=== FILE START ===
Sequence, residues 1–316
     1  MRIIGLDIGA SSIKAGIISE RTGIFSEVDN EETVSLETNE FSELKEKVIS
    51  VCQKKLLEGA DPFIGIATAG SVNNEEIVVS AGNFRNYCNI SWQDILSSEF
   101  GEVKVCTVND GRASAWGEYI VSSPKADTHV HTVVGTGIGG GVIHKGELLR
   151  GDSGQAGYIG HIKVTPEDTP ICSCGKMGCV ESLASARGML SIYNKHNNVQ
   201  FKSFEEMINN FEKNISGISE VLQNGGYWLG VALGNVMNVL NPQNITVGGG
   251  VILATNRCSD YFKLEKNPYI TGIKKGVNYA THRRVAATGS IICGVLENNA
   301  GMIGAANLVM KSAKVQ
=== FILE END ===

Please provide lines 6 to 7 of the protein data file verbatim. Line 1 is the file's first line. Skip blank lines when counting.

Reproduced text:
   201  FKSFEEMINN FEKNISGISE VLQNGGYWLG VALGNVMNVL NPQNITVGGG
   251  VILATNRCSD YFKLEKNPYI TGIKKGVNYA THRRVAATGS IICGVLENNA